Senate Environment and Public Works Chairwoman Barbara Boxer (D-Calif.) took her first tactical step on climate legislation for 2009 yesterday by establishing five groups tasked with working through the details of a global warming bill, as well as outreach to other senators.
Boxer tapped all of the Democrats on her committee to work on the key areas.
House Republicans are predicting the Democrats’ failure on a major global warming and energy bill — and they are writing an alternative for when it comes to that.
Rep. Joe Barton (R-Texas), the ranking member of the Energy and Commerce Committee, is drafting a bill that would set mandatory performance standards for new electric utilities that would lead to reductions in greenhouse gas emissions.
“Right now, we’re waiting to have that epiphany moment on the Democratic side that they don’t have the votes for cap and trade in this committee,” Barton told reporters. “And when that happens, you’re going to have a lot of people looking at the Republican alternative, and we’re very open to working with those members to craft exactly what they need, so that if it comes to a vote, we have the votes to win in committee.”
Barton said the legislation would expand a command-and-control provision in the 1990 Clean Air Act amendments by placing standards on new power plants so that they could release a set amount of carbon dioxide based on energy output. If companies beat the limits, they would then get to accelerate the depreciation from the new plant and any equipment put into the plant.
The bill’s limits would include financial penalties for noncompliance, and also would strip U.S. EPA of its ability to regulate for greenhouse gases under the April 2007 Supreme Court decision in Massachusetts v. EPA.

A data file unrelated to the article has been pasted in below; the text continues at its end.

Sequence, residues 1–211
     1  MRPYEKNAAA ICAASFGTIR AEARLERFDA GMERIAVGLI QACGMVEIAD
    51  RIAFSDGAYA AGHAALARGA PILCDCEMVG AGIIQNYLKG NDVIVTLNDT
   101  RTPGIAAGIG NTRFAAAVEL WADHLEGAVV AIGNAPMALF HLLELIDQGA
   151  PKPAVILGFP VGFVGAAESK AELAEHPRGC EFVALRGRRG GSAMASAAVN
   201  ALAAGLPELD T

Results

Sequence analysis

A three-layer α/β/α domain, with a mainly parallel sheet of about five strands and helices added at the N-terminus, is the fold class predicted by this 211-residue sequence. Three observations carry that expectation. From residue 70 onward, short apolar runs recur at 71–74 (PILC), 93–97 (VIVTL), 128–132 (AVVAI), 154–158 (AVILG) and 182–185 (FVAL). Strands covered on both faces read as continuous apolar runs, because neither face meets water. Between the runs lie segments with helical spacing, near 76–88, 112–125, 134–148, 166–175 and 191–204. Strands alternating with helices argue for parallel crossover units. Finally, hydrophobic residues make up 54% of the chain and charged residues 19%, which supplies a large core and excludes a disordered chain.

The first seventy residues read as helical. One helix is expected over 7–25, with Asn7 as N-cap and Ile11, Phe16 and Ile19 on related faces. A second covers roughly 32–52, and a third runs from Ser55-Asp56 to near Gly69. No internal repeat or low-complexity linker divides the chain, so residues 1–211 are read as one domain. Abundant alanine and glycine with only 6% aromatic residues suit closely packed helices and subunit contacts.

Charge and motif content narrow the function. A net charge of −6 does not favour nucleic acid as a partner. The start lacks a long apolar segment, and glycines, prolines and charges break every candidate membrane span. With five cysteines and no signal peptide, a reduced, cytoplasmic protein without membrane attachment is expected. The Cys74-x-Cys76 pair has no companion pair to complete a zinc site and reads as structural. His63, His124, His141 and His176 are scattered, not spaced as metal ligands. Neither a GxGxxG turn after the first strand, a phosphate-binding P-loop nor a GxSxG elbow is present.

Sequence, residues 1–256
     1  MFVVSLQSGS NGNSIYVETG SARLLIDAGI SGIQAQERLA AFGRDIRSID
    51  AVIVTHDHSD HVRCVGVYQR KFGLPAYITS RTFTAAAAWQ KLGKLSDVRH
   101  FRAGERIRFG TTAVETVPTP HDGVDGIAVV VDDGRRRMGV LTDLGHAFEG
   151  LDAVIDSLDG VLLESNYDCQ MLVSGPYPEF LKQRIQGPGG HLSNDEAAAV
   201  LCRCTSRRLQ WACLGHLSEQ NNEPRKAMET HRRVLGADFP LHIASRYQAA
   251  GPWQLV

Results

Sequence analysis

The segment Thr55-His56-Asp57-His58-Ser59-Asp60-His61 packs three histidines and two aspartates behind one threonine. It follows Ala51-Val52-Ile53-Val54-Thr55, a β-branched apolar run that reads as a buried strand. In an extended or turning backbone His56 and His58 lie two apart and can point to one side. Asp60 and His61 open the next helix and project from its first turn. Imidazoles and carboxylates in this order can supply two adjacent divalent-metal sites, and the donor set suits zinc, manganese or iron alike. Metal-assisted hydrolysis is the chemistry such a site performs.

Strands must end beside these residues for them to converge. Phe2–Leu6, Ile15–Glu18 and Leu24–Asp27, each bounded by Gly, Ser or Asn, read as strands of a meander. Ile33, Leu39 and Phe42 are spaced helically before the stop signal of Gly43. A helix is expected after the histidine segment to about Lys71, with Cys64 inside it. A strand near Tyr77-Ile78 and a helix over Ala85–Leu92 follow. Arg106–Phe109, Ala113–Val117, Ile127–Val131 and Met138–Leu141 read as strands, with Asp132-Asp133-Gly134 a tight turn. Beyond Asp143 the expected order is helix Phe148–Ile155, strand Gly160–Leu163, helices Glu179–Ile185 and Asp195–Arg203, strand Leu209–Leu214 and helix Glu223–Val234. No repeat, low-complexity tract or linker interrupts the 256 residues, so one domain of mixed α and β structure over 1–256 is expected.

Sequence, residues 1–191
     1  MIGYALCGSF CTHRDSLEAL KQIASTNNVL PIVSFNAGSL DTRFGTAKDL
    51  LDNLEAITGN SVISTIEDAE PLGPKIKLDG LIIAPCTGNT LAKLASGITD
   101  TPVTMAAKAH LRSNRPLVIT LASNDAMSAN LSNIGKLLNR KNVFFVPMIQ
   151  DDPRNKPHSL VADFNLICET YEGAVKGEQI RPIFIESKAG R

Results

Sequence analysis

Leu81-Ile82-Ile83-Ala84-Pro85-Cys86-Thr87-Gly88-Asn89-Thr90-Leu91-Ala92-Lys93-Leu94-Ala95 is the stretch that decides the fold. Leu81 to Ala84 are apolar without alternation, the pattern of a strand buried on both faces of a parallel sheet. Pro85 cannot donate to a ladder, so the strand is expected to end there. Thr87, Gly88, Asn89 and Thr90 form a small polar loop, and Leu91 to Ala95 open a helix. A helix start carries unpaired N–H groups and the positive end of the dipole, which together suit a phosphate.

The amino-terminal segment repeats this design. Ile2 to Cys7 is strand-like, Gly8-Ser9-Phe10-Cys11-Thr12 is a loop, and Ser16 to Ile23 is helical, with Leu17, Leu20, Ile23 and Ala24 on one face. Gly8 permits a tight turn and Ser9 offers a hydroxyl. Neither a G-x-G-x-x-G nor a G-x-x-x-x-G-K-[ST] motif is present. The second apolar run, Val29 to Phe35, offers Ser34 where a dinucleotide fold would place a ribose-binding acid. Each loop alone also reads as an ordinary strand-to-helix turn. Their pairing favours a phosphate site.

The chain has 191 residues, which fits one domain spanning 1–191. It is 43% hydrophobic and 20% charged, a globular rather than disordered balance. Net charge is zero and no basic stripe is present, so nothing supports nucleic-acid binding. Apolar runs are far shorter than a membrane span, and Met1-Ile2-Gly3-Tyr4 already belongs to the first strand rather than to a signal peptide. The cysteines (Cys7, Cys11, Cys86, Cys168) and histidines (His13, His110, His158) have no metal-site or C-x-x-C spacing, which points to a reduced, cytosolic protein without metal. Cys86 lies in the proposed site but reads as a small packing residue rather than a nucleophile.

I have three letters for Barton: DOA.
Obama administration officials said Wednesday that an ambitious energy and climate-change proposal sponsored by House Democrats could help create jobs and reduce greenhouse gas emissions, but they stopped short of endorsing it.
Steven Chu, the secretary of energy, and Lisa P. Jackson, the administrator of the Environmental Protection Agency, told a House committee considering the measure that they believed it could help accomplish President Obama’s goals of moderating climate change, spurring clean-energy technology and reducing dependence on foreign oil.
City officials, urban planners, architects and a variety of advocacy groups gathered in Portland, Ore., over the weekend for the National League of Cities’ first conference devoted entirely to sustainability.
Prominent among the bits of advice being doled out to city leaders at the conference: ditch the climate-change talk and focus instead on the more concrete benefits of a green agenda.
An environmental group is increasing the pressure to pass a sweeping environmental measure by taking out ads in the home districts of Republicans who oppose the bill.
The League of Conservation Voters will advertise in the Michigan district of Republican Rep. Mike Rogers starting Friday, officials at the group said. It will be the second in a series of ads accusing members who oppose the legislation of lacking faith in America. The previous ad attacked Rep. Roy Blunt (R-Mo.).
Just in time for Earth Day, the administration has issued a long-awaited set of rules that will significantly boost the development of offshore wind farms along the nation’s coastlines.
The regulations for the government to lease offshore acreage for wind and wave power (PDF) had been highly anticipated since Congress passed the 2005 energy bill. They will provide the main framework to develop offshore wind by giving the lead authority to the Minerals Management Service, the federal agency also in charge of offshore oil and gas development.
The Colorado Rockies, including the headwaters of the Colorado River and the Rio Grande, have experienced 11 serious dust storms this year, a record for the six years researchers have been tracking them.
More important, an increasing amount of airborne dust is blanketing the region, affecting how fast the snowpack melts, when local plants bloom and what quality of air residents are breathing.
In an interview with Yale Environment 360, Bill McKibben explains why he’s now focused on organizing a citizens movement around climate change “” and why he believes this effort is critical for spurring world leaders into action.
Compiled by Carlin Rosengarten